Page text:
February will see the release of Cartoon Monarch: Otto Soglow & The Little King, which we’re VERY excited about. Soglow is one of those fantastic talents who has unfortunately been allowed to slide off too many radar screens, and we’re delighted to bring him front-and-center once again. Cartoon Monarch will not only reprint hundreds of pages of The Little King, it will also include the complete run of The Ambassador, the strip Soglow produced prior to launching King. And just how good is The Little King? He was so popular the Fleischer Studios once licensed him to guest-star in a Betty Boop cartoon – it doesn’t get much cooler than that!
In the months following Cartoon Monarch we’ll have Genius, Illustrated, the second volume in our comprehensive Alex Toth biography. A lot of loving care is going into that book, believe me. I’m also mighty pleased to announce that we’ve decided to do another Bringing Up Father volume! Our first BUF release snagged an Eisner nomination, and sales were so strong we had to go to a second printing. So if you liked BUF: From Sea To Shining Sea, you’ll want to see what happens when Jiggs loses all his money in our follow-up, Bringing Up Father: Of Cabbages And Kings. And here’s an exclusive for you — a sneak-peek at the second Bringing Up Father cover!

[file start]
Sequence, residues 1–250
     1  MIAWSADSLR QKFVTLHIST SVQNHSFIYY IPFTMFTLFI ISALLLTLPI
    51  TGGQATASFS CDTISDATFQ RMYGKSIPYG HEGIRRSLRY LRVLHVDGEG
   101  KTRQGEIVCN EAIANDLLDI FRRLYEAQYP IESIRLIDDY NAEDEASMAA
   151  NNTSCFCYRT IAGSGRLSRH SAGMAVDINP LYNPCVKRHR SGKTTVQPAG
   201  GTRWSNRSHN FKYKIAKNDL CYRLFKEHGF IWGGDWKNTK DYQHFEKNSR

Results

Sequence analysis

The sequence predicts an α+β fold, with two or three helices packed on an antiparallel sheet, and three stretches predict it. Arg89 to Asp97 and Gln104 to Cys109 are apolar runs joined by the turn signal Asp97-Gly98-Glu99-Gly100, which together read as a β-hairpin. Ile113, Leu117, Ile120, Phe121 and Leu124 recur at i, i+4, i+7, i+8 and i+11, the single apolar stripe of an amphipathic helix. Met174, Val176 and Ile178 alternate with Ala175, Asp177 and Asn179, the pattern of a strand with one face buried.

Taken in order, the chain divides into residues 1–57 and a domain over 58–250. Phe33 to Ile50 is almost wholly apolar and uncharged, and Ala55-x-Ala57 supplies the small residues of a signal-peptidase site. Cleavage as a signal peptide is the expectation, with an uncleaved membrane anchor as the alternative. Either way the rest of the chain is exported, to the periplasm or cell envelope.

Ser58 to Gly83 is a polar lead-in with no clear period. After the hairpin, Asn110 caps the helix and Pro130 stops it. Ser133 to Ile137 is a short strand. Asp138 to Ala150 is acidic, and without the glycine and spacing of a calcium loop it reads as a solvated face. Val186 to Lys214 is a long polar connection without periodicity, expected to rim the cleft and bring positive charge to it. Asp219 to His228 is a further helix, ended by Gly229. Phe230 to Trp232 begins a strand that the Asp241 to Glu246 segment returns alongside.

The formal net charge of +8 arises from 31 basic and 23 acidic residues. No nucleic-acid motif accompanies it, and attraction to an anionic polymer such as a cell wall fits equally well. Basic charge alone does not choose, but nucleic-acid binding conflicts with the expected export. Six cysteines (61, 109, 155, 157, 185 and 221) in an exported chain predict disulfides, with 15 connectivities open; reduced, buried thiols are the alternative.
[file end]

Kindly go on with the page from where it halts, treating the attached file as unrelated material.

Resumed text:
We have lots of other stuff percolating, as well. Folks are always welcome to visit us at www.libraryofamericancomics.com for the latest and greatest!
Westfield: Any closing comments?
Canwell: I got two of ‘em for you. First, a sincere thank-you from all of us at LOAC to everyone who buys and supports our books. Second, here’s my wish for a great 2012 in which publishers big and small produce comics we all have fun reading, and your Cubs and my Red Sox both go deep into the playoffs!